Seven Machos said...

I am using the common definition of the word weird. I am sorry for you that you are so perplexed.

Carol_Herman said...

Obama won in 2008, because McCain was a DREADFUL pick! True, McCain feared the conservatives would stay home "again" ... so he gave the veep slot to Sarah Palin.

If it wasn't for Palin, folks, McCain's loss would have been worse than the 53% to 47% outcome.

At least the media folk know this! Can't we serve TEA on the upper deck?

And, the conservatives aren't helping themselves by provide 8 clowns to run for the republican nomination. And, it's as if by "winning" a cow contest in Iowa. And, another one in New Hampshire ... Americans of all persuasions will vote for the GOP nominee in 2012.

Go ahead. Believe what you want.

But Barnum would tell ya that the media is just lining up a bunch of suckers.

Conservatives who fall for the "litmus paper" test ... when there was an EPIC fail in South Carolina ... on one of their favorite topics: "Pre-birth."

"Born Again" doesn't work, either.

And, what's the competition look like? Don't fool yourselves ... Occupy Wall Streeters are not your competition!

You should get a bit more serious about fielding candidates who can actually achieve a sense of national pride. Along with their ability to win a national election.

Oh, yeah. Herman Cain wasn't one of those people!

You want to have a contest where you win by calling wmen liars?

Wow. That's rich.

Alas, the likelihood of the FUNNY UNDERWEAR MAN being the challenger to Obama looks great. Because intelligent people aren't appalled enough at the clowns that appeared at the gate ... hoping to race against Obama.

Look at it this way. All your disgust at Obama in the world, doesn't solve the problem that he could still win. Easily!

"Born Again" and "pre-birth" conservatives are just lunatic enough to play into the media's hands.

(I know Ann knows how to use "strategy" in the way she sets up her blog posts. Up ahead, I only hope we can include a "strategy" for winning. Not just the fun you get live-blogging debates. Which only proves live-bloggers digest the information very fast.)

And, yes. I think we should all just line up the questions that get tossed out. And, treat it like a game of Jeopardy. Where we can answer the questions among ourselves.

Maybe, too, someone will come up with a board game. "Moving DC to a Cruise Ship." And, like in Monopoly ... we can have "get out of jail" free cards. And, the tossing of dice. Personally, I wouldn't have the cruise ship land in New York's ports. But if it did? I wouldn't buy "the" property.

Hey, I haven't even named "Name That Captain," yet. But we could call the Cruise Ship, "The Mark Twain."

Why should the media be the ones who set the whole agenda?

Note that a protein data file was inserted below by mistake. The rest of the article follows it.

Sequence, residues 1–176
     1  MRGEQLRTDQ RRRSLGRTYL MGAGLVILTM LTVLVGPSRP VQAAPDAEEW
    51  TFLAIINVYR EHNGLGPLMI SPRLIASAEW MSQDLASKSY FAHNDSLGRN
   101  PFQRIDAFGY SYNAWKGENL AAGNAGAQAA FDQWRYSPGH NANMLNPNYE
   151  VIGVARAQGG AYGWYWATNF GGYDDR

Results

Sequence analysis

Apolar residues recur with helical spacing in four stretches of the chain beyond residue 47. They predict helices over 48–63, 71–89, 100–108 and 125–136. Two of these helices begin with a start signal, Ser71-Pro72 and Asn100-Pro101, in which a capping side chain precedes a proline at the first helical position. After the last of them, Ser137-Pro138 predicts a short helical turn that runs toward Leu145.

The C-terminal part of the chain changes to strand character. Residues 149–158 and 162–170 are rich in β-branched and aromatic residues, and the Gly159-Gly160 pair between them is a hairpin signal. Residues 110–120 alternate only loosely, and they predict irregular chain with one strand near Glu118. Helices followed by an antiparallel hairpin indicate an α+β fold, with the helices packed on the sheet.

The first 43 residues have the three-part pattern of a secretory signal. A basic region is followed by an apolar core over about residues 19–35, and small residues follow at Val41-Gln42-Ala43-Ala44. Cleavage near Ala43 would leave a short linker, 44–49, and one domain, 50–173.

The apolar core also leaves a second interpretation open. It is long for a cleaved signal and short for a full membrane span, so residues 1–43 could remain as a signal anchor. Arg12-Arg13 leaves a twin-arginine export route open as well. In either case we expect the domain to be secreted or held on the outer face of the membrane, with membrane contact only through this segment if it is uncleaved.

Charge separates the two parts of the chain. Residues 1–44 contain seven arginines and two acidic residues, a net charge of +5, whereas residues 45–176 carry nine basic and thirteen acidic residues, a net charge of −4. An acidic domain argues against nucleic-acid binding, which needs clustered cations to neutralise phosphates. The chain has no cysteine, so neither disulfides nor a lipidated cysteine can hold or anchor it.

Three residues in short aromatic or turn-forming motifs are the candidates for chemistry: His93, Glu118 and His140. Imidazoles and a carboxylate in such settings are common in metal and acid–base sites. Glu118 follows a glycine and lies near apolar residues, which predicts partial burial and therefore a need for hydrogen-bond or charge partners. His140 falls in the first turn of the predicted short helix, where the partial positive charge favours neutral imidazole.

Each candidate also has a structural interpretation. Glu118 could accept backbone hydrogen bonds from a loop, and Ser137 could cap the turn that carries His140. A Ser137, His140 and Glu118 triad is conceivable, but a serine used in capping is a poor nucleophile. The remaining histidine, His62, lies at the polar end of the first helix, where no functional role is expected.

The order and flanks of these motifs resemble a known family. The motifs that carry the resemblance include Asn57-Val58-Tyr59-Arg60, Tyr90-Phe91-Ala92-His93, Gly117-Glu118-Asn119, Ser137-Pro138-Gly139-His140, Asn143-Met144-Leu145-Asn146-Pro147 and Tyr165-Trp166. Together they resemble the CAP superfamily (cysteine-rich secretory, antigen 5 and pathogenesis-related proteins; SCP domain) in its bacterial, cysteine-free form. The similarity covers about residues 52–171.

garage mahal said...

Much like the journalistic dynamism a Rachel Maddow-David Axelrod interview would provide.

The standard issue conservative debate tactic of "Oh yea? Just like ____________ ??????"

Awesome.

phx said...
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36fsfiend said...

Seven Machos said...

“I am using the common definition of the word weird. I am sorry for you that you are so perplexed.”

I’m not perplexed about the definition of weird, I was just interested in knowing if there were other presidential elections in the history of the republic that had unusual aspects that you may be using in a comparison with the 2008 election.

Matt said...

Seven Machos

Wait, so you jump to a conclusion about "cultism" based on a John Stewart clip, a few kids singing and an anecdote about someone who thought their mortgage was going to be paid by Obama and you think my claim that you must hate Obama based on all of that is more outrageous? Really?

Okay, so you actually sort of like or respect Obama and the Democrats but you are pointing out this pretty wild theory because...?

Show me one coherent thinker among all the right wing who makes this same claim and backs it up with certifiable proof [not opinions] and we can go on debating. Or we won't need to debate because the proof would be too solid to refute.

Yes, Obama was mighty popular. So what? Palin was pretty popular too. Was it because the right wing is full of drooling Christian consesrvatives with no brains in their head? No. It's because some politicians just ignite the base. That is standard.

And note I am honestly trying to have an actual conversation with you. I have debates all the time with my right wing friends but we at least respect each other. But you only want to throw down insults. Let's move past that, please.

phx said...
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Seven Machos said...

I don't like Obama. I don't respect Obama. Perhaps you do not understand what the phrase come to grips with means. It does not mean don't like and don't respect.